Loading...

Stateless Nix environments revisited

It's almost a year, since I tried to bend Nix package manager to fit my own workflows for the first time. I disliked the recommended way of describing nix environments in global configuration and activating and deactivating them in statefull way. Back then, I worked my way around by defining a wrapper to make local nix-expressions callable executables.

Consider that deprecated.

Nix 1.9 introduced shebang support to use Nix-built interpreter in callable scripts. This alone is a major new feature and solves most of my use cases, where I wanted to define required Nix-dependencies locally, as close to their usage as possible.

Still, I do have a one more use case: For example, want to run make with an environment, which has locally defined Nix-built dependencies. Because the make in this particular example results just a static PDF file, it does not make sense to make that project into a Nix derivation itself. (Neither does it make much sense to make Makefile an executable.)

Of course, I start with defining my dependencies into a Nix derivation, and to make that more convenient with nix-shell, I save that into a file called ./default.nix:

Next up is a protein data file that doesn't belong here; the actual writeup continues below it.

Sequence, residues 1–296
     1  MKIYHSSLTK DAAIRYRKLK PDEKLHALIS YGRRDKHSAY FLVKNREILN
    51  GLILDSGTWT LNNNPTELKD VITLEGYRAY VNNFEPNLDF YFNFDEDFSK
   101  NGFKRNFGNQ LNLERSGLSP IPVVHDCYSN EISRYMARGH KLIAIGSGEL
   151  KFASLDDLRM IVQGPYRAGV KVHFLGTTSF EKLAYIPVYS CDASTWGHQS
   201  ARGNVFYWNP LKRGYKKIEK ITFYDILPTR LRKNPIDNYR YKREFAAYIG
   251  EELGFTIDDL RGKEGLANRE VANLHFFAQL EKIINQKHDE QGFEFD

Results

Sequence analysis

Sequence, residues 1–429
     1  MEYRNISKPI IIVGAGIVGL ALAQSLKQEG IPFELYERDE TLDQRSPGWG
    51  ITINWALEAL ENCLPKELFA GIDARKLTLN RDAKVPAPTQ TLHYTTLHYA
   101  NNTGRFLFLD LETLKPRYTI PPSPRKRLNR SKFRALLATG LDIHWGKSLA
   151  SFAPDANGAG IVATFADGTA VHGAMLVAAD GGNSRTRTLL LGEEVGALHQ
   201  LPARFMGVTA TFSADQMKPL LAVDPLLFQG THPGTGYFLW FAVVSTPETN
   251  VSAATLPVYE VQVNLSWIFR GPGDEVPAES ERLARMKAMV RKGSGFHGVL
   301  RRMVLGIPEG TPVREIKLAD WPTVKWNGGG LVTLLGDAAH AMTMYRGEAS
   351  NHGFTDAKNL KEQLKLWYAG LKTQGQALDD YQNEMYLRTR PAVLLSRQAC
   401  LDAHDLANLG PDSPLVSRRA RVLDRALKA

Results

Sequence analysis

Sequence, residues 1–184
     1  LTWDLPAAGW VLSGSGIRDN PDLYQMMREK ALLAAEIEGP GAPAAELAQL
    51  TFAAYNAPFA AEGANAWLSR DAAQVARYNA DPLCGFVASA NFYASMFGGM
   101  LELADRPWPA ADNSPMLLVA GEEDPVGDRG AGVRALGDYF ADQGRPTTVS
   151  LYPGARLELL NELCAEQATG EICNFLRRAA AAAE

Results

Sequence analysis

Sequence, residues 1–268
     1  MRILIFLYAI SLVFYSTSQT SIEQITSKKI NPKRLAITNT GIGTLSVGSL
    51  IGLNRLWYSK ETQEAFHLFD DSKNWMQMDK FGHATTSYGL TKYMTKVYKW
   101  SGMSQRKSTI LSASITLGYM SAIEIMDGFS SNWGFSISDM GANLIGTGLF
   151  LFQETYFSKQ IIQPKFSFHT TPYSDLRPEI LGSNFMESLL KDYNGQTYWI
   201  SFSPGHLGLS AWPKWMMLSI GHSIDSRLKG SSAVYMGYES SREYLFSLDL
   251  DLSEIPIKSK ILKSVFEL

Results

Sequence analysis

with import <nixpkgs> {}; {
  myEnv = stdenv.mkDerivation {
    name = "myEnv";
    buildInputs = [
      (texLiveAggregationFun { paths = [
        texLive
        texLiveAuctex
        texLiveExtra
        texLivePGF
      ];})
      (rWrapper.override { packages = with rPackages; [
        tikzDevice
      ];})
      dot2tex
      gnumake
      graphviz
      pythonPackages.dateutil
      pythonPackages.matplotlib
      pythonPackages.numpy
      pythonPackages.scipy
    ];
  };
}

Now, I can run make in that environment in a stateless manner with:

$ nix-shell --pure --run "make clean all"

Unfortunately, while that works, it's a bit long command to type every time.

Initially, I would have preferred to be able to define local callable script named ./make, which was possible with my old approach. Yet, this time I realized, that I can reach almost the same result by defining the following bash function to help:

function nix() { echo nix-shell --pure --run \"$@\" | sh; }

or with a garbage collection root to avoid re-evaluation the expression on every call:

function nix() {
    if [ ! -e shell.drv ]; then
        nix-instantiate --indirect --add-root $PWD/shell.drv
    fi
    echo nix-shell $PWD/shell.drv --pure --run \"$@\" | sh;
}

With this helper in place, I can run any command from the locally defined default.nix with simply:

$ nix make clean all